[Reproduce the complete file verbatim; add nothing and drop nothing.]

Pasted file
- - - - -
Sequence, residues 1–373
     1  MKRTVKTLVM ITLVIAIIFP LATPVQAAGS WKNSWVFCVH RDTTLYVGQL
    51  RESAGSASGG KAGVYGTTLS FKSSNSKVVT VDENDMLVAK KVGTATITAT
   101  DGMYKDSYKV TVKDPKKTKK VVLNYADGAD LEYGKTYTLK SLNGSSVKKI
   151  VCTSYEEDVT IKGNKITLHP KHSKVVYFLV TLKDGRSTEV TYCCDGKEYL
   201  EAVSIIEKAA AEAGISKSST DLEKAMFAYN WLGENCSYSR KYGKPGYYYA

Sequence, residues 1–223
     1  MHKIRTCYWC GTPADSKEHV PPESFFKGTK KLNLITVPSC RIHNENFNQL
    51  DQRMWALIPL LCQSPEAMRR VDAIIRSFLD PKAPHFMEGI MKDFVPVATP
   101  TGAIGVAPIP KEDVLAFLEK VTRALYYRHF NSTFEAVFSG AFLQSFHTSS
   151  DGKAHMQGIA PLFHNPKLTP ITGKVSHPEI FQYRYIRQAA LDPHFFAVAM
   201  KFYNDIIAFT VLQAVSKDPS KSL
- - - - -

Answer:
Sequence, residues 1–373
     1  MKRTVKTLVM ITLVIAIIFP LATPVQAAGS WKNSWVFCVH RDTTLYVGQL
    51  RESAGSASGG KAGVYGTTLS FKSSNSKVVT VDENDMLVAK KVGTATITAT
   101  DGMYKDSYKV TVKDPKKTKK VVLNYADGAD LEYGKTYTLK SLNGSSVKKI
   151  VCTSYEEDVT IKGNKITLHP KHSKVVYFLV TLKDGRSTEV TYCCDGKEYL
   201  EAVSIIEKAA AEAGISKSST DLEKAMFAYN WLGENCSYSR KYGKPGYYYA

Sequence, residues 1–223
     1  MHKIRTCYWC GTPADSKEHV PPESFFKGTK KLNLITVPSC RIHNENFNQL
    51  DQRMWALIPL LCQSPEAMRR VDAIIRSFLD PKAPHFMEGI MKDFVPVATP
   101  TGAIGVAPIP KEDVLAFLEK VTRALYYRHF NSTFEAVFSG AFLQSFHTSS
   151  DGKAHMQGIA PLFHNPKLTP ITGKVSHPEI FQYRYIRQAA LDPHFFAVAM
   201  KFYNDIIAFT VLQAVSKDPS KSL